Article published on the 2009-01-08 Latest update 2009-01-09 10:29 TU
Israel says it has not yet told the army to increase the scale of the military operation in Gaza, while the Lebanese Shia-Muslim-based movement, Hezbollah, says they had no involvement in a rocket attack on Israel from southern Lebanon.
The Israeli government says it has not yet given the go-ahead to increase the scale of the military operation in the Gaza Strip.
Prime Minister Ehud Olmert made the announcement during a visit to the Gaza Strip, where he was accompanied by Defence Minister Ehud Barak.
“We haven’t yet reached that point and the army has not yet been asked to do everything necessary,” he said.
His statement came as two Israeli soldiers were wounded on Thursday after a Palestinian rocket attack.
The attack happened during the daily three-hour suspension of bombing which Israel began on Wednesday, which is intended to enable the distribution of humanitarian aid to the territory.
While in Madrid at a press conference, Palestinian President Mahmud Abbas said that he hoped a series of rockets fired into northern Israel, from Lebanon, was an “isolated incident”.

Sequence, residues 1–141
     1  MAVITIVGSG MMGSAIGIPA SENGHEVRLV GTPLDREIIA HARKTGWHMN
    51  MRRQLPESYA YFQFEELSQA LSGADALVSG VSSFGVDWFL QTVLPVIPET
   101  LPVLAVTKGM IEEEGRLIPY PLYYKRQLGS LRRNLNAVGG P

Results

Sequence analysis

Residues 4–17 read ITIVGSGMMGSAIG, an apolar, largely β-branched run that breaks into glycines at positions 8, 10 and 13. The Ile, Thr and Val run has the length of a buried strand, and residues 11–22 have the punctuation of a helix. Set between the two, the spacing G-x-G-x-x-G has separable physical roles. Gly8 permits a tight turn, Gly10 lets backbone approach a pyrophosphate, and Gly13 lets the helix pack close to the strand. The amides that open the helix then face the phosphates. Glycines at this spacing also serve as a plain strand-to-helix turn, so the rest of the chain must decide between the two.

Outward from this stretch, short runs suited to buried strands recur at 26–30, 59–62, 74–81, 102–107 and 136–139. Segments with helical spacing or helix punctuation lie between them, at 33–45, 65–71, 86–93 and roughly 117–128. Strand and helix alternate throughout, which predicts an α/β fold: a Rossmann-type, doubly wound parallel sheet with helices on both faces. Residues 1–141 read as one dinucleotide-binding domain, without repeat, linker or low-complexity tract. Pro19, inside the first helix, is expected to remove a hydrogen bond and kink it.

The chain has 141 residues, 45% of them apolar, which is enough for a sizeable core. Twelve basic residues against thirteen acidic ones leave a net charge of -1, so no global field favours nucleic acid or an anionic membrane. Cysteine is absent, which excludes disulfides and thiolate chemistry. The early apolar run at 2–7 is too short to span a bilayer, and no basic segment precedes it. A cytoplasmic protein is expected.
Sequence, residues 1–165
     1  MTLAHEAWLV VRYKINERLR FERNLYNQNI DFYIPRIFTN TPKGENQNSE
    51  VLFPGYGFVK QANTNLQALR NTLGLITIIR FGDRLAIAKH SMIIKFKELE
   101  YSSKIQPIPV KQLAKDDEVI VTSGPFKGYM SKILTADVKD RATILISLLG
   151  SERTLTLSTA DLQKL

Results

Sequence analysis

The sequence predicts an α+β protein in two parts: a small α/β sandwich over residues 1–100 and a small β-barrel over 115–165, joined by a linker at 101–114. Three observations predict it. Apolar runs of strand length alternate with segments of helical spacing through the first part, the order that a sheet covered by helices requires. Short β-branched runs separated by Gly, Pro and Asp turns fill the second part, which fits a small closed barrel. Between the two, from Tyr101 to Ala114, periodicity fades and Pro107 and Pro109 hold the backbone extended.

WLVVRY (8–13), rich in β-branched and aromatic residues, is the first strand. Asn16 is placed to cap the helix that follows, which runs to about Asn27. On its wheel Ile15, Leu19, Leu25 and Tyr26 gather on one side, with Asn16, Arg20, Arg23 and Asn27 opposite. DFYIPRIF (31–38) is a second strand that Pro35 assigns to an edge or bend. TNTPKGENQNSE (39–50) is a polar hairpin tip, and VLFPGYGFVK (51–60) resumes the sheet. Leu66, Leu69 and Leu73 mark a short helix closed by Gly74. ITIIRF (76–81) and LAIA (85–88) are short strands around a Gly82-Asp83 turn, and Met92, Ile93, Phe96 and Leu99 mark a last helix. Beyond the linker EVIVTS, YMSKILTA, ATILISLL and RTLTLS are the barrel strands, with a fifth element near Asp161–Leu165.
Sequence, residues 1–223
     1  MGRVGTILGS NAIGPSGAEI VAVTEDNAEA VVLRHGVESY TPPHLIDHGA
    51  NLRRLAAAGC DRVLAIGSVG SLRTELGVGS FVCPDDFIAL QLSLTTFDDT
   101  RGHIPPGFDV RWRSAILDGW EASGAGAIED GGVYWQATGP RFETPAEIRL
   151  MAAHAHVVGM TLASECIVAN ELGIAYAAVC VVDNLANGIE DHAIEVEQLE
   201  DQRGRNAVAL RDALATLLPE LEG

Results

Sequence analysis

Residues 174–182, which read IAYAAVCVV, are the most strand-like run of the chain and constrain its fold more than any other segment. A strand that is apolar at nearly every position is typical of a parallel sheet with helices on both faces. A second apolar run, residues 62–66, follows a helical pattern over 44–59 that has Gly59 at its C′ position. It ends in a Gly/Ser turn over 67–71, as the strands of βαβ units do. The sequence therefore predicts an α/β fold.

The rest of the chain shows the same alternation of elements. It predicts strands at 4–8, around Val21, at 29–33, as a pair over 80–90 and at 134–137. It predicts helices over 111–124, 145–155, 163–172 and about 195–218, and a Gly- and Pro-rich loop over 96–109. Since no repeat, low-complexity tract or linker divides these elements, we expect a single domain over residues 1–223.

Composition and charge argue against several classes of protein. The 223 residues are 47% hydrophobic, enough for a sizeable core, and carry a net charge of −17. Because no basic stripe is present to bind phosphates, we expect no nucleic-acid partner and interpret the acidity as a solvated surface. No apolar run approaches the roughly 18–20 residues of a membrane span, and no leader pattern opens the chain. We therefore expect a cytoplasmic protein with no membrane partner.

He noted that no Palestinian groups had claimed responsibility for the rockets which created panic on both sides of the border.
Hezbollah has denied any responsibility for the attacks.
Elsewhere about 250 foreign nationals managed to escape from the area on Thursday after the International Committee of the Red Cross organised a convoy.
Six buses containing Canadians, Filipinos, Swedes, Norwegians, Romanians and Austrians were driven to the Erez border before being taken to Jordan where they were to take flights home.
Ongoing efforts to secure a ceasefire suffered a blow on Thursday as a number of Palestinian groups said the Egyptian plan “has no valid basis."
The groups, including Hamas, met in Damascus, Syria, to discuss the proposal presented by Egyptian President Hosni Mubarak on Tuesday.
The plan includes an immediate ceasefire, the reopening of Gaza’s borders and an invitation to peace talks in Egypt.
Some analysts believe the US must get involved in order to prevent further violence.
Analysis: Dr Laleh Khalili, School of Oriental and African Studies, London
“Unless the US gets actively involved, I don’t think the Egyptians or the French are going to be accomplishing much,” she told RFI from London.
In Europe, French President Nicolas Sarkozy said that smuggling weapons into Gaza will stop, before Israel agrees to halt its offensive.
“Israel must be given a guarantee that weapons will not cross the frontier, from that moment the Israeli army must leave Gaza,” he said.
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